George Soros Is Even Richer Than We Thought

Stephen Taub has been estimating the personal wealth of hedge fund managers for years, giving the world a window into the personal wealth of hedge fund managers. But for George Soros, who recently closed his fund to outside investors, Taub has revised his calculations. The result is significant.


The most shocking part of George Soros’ announcement that he is returning all outside money is how little of it there is.

According to reports, only about $750 million of the assets in the Quantum Endowment Fund belongs to outside investors. The remaining $24.5 billion or so is Soros family money.

This is very upsetting to me, because each year I calculate the 25 highest-earning hedge fund managers. This ranking includes my estimate of the gains generated by the individual’s own capital in the fund and his or her share of the fees. According to my model, Soros made about $450 million last year, $3.3 billion in 2009, $1.1 billion in 2008 and $2.9 billion in 2007. The four-year total worked out to a little less than $8 billion. Not too shabby, even by hedge fund standards. Of course, during that same added “same’four-year period, John Paulson made nearly $13 billion.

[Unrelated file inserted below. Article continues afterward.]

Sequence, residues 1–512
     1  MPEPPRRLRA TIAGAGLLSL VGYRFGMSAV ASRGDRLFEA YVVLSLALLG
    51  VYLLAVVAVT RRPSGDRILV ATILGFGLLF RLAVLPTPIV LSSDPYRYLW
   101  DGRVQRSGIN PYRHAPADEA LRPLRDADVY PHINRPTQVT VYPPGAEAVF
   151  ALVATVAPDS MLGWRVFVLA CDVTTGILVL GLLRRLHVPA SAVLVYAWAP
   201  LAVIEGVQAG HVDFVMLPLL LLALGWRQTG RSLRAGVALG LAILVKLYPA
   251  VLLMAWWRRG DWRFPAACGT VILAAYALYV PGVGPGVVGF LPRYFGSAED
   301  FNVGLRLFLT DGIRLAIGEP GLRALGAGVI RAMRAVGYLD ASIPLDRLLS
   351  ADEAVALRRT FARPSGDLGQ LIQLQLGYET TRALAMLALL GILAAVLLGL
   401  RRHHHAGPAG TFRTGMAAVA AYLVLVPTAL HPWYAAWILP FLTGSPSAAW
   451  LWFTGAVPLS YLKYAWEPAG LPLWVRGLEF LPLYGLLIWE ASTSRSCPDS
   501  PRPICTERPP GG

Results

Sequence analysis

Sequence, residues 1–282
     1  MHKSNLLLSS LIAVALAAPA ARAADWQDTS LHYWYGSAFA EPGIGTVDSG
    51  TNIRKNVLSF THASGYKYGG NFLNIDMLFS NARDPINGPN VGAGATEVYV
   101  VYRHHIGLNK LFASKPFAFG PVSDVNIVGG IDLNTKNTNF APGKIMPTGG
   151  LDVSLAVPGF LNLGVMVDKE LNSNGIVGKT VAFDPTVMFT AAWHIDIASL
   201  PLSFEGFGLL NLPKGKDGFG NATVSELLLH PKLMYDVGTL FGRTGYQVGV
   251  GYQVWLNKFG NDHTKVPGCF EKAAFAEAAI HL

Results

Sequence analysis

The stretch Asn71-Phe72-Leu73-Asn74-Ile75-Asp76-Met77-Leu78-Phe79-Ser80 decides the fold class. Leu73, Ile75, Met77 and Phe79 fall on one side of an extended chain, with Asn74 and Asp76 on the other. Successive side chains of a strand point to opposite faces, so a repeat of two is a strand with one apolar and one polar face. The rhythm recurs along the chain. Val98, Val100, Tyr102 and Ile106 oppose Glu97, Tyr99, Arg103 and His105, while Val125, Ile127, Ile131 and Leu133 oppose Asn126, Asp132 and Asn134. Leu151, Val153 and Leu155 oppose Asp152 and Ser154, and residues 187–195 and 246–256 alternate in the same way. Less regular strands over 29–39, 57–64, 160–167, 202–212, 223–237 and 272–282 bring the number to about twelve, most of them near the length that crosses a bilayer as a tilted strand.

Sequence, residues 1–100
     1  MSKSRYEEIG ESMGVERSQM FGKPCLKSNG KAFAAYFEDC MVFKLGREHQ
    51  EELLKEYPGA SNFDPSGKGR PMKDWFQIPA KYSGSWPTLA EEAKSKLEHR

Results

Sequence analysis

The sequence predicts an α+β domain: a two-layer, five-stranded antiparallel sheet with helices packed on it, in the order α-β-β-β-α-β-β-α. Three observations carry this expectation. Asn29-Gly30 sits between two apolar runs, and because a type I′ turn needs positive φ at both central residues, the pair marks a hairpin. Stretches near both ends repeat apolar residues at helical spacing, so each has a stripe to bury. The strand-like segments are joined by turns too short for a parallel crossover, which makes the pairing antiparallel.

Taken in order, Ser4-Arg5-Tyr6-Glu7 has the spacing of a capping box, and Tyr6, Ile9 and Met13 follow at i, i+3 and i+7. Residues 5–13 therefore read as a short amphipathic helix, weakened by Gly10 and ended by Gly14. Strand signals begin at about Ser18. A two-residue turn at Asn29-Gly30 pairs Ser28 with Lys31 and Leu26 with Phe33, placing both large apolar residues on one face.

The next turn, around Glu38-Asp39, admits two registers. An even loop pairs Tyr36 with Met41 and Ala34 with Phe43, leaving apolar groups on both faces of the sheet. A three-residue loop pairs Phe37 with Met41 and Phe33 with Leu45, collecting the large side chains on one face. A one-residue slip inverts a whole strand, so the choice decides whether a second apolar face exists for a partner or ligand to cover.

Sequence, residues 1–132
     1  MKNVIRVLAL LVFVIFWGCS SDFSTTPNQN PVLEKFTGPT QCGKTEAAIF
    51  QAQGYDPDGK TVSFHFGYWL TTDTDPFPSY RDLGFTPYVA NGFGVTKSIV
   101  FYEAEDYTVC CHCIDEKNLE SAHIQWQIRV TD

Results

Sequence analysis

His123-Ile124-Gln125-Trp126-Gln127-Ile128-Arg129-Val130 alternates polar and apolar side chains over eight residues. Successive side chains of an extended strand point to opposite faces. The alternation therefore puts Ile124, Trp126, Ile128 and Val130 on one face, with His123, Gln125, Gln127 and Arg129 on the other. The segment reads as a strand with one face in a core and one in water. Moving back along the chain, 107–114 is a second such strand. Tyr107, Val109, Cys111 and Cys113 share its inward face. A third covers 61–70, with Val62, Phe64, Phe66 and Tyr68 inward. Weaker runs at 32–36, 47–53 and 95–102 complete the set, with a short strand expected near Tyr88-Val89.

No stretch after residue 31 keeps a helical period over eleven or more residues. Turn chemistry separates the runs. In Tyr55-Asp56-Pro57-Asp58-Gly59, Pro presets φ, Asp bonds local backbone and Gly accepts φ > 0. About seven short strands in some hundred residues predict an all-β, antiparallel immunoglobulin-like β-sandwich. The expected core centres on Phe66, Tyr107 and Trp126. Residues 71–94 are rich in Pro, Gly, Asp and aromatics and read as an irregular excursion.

In any case, the reason I was shocked by how little of the money in the fund did not belong to Soros or his family is that, I now realize, I heavily lowballed Soros’ gains. As it turns out, my model estimated Soros as having a lot less of his own money in the fund than turned out to be the case. Confidentiality of sources prevents me from discussing further why my reckoning was so low, but I have decided to recalculate my estimates. The result: I lowballed Soros by at least $5 billion.

As it turns out, he made somewhere between $13 billion and $14 billion over the past four years, including $850 million in 2010 when his fund was only up 2.63 percent in 2010.

In 2009 he made closer to $7 billion in 2009 , when the fund was up 29 percent, and should have been on the cover of AR magazine as the year’s highest earner, easily eclipsing David Tepper, who made roughly $4 billion that year from racking up triple-digit gains on bank stocks most investors didn’t have the nerve to touch.


I now figure Soros made closer to $1.6 billion in 2008 and more than $4 billion in 2007.

Since I began calculating the highest earners on Wall Street during the mid-1980s, I have always tried to be conservative. That way, if I’m wrong, I’m wrong on the low side, not the high side.

Unfortunately, I was way off with Soros.

My apologies, especially to Soros himself.